This adventure occurred near Richmond, in Virginia. Accompanied by a friend, I had proceeded, upon a gunning expedition, some miles down the banks of the James River. Night approached, and we were overtaken by a storm. The cabin of a small sloop lying at anchor in the stream, and laden with garden mould, afforded us the only available shelter. We made the best of it, and passed the night on board. I slept in one of the only two berths in the vessel — and the berths of a sloop of sixty or seventy tons, need scarcely be described. That which I occupied had no bedding of any kind. Its extreme width was eighteen inches. The distance of its bottom from the deck overhead, was precisely the same. I found it a matter of exceeding difficulty to squeeze myself in. Nevertheless, I slept soundly; and the whole of my vision — for it was no dream, and no nightmare — arose naturally from the circumstances of my position — from my ordinary bias of thought — and from the difficulty, to which I have alluded, of collecting my senses, and especially of regaining my memory, for a long time after awaking from slumber. The men who shook me were the crew of the sloop, and some laborers engaged to unload it. From the load itself came the earthly smell. The bandage about the jaws was a silk handkerchief in which I had bound up my head, in default of my customary nightcap.
The tortures endured, however, were indubitably quite equal, for the time, to those of actual sepulture. They were fearfully — they were inconceivably hideous; but out of Evil proceeded Good; for their very excess wrought in my spirit an inevitable revulsion. My soul acquired tone — acquired temper. I went abroad. I took vigorous exercise. I breathed the free air of Heaven. I thought upon other subjects than Death. I discarded my medical books. “Buchan” I burned. I read no “Night Thoughts” — no fustian about church-yards — no bugaboo tales — such as this. In short I became a new man, and lived a man’s life. From that memorable night, I dismissed forever my charnel apprehensions, and with them vanished the cataleptic disorder, of which, perhaps, they had been less the consequence than the cause.
There are moments when, even to the sober eye of Reason, the world of our sad Humanity may assume the semblance of a Hell — but the intellect of man is no Carathis, to explore with impunity its every cavern. Alas! the grim legion of sepulchral terrors cannot be regarded as altogether fanciful — but, like the Demons in whose company Afrasiab made his voyage down the Oxus, they must sleep, or they will devour us — they must be suffered to slumber, or we perish.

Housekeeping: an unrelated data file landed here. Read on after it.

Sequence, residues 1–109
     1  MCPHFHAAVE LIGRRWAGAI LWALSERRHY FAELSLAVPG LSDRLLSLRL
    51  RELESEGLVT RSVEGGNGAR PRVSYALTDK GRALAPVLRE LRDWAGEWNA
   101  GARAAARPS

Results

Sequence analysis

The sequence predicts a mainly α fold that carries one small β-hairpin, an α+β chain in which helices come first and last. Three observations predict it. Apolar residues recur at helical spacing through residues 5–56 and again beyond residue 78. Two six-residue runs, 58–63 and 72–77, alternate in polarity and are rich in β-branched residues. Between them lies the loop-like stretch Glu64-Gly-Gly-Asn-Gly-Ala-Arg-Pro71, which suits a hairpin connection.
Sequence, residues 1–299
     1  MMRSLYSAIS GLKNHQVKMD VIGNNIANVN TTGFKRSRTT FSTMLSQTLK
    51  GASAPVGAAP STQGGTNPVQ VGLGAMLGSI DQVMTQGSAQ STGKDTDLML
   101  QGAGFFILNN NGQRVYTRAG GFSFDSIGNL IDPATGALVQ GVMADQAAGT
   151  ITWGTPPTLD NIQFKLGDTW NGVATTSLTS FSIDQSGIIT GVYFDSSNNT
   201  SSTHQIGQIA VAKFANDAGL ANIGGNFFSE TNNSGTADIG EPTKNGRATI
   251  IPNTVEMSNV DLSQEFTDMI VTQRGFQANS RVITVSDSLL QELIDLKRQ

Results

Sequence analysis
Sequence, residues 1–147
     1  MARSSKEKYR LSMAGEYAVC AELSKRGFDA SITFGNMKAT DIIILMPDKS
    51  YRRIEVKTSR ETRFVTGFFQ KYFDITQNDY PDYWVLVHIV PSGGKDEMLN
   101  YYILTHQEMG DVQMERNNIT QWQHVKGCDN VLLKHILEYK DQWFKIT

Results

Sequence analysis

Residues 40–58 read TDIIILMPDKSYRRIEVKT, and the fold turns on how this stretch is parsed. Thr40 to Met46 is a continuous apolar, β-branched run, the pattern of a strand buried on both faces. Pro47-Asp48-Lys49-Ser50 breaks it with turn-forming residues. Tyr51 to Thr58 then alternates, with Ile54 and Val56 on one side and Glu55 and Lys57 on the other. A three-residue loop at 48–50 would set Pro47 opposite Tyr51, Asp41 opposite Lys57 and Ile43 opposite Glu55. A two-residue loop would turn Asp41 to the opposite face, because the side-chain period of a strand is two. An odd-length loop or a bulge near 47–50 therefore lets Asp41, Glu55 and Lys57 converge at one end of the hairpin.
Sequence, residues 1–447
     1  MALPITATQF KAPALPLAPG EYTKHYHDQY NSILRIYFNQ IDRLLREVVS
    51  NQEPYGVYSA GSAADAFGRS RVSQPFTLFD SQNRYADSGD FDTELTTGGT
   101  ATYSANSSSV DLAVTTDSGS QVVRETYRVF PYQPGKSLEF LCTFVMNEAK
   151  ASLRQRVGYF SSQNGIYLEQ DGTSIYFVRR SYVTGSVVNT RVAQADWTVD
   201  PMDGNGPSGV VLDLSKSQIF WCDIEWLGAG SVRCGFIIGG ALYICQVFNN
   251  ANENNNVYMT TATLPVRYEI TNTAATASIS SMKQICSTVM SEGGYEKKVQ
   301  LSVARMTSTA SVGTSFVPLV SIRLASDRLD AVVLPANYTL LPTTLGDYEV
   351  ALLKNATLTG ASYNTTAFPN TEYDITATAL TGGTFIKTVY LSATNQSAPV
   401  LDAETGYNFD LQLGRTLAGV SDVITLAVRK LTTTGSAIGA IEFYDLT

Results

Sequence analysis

#BuriedAlive #PrematureBurial

Saturday, October 7, 2017

Anniversary of Edgar Allan Poe's Death and Obituary

Edgar Allan Poe
(1809-1849)

Rest in peace Edgar Allan Poe, you restless spirit while on earth's dark shores, who died 168 years ago today -- October 7, 1849. Below is the infamous Griswold obituary that was unfair to the character of Poe.

“Death of Edgar A. Poe,” New-York Daily Tribune, October 9, 1849
by
Rufus Griswold

EDGAR ALLAN POE is dead. He died in Baltimore the day before yesterday. This announcement will startle many, but few will be grieved by it. The poet was well known, personally or by reputation, in all this country; he had readers in England, and in several of the states of Continental Europe; but he had few or no friends; and the regrets for his death will be suggested principally by the consideration that in him literary art has lost one of its most brilliant but erratic stars.
The family of Mr. Poe — we learn from Griswold’s “Poets and Poetry of America,” from which a considerable portion of the facts in this notice are derived — was one of the oldest and most respectable in Baltimore. David Poe, his paternal grandfather, was a Quartermaster-General in the Maryland line during the Revolution, and the intimate friend of Lafayette, who, during his last visit to the United States, called personally upon the General’s widow, and tendered her acknowledgments for the services rendered to him by her husband. His great-grandfather, John Poe, married in England, Jane, a daughter of Admiral James McBride, noted in British naval history, and claiming kindred with some of the most illustrious English families. His father and mother, — both of whom were in some way connected with the theater, and lived as precariously as their more gifted and more eminent son — died within a few weeks of each other, of consumption, leaving him an orphan, at two years of age. Mr. John Allan, a wealthy gentleman of Richmond, Virginia, took a fancy to him, and persuaded his grandfather to suffer him to adopt him. He was brought up in Mr. Allan’s family; and as that gentleman had no other children, he was regarded as his son and heir. In 1816 he accompanied Mr. and Mrs. Allen [[Allan]] to Great Britain, visited every portion of it, and afterward passed four or five years in a school kept at Stoke Newington, near London, by Rev. Dr. Bransby. He returned to America in 1822, and in 1825 went to the Jefferson University, at Charlottesville, in Virginia, where he led a very dissipated life, the manners of the college being at that time extremely dissolute. He took the first honors, however, and went home greatly in debt. Mr. Allan refused to pay some of his debts of honor, and he hastily quitted the country on a Quixotic expedition to join the Greeks, then struggling for liberty. He did not reach his original destination, however, but made his way to St. Petersburg, in Russia, when he became involved in difficulties, from which he was extricated by the late Mr. Henry Middleton, the American Minister at that Capital. He returned home in 1829, and immediately afterward entered the Military Academy at West-Point. In about eighteen months from that time, Mr. Allan, who had lost his first wife while Mr. Poe was in Russia, married again. He was sixty-five years of age, and the lady was young; Poe quarreled with her, and the veteran husband, taking the part of his wife, addressed him an angry letter, which was answered in the same spirit. He died soon after, leaving an infant son the heir to his property, and bequeathed Poe nothing.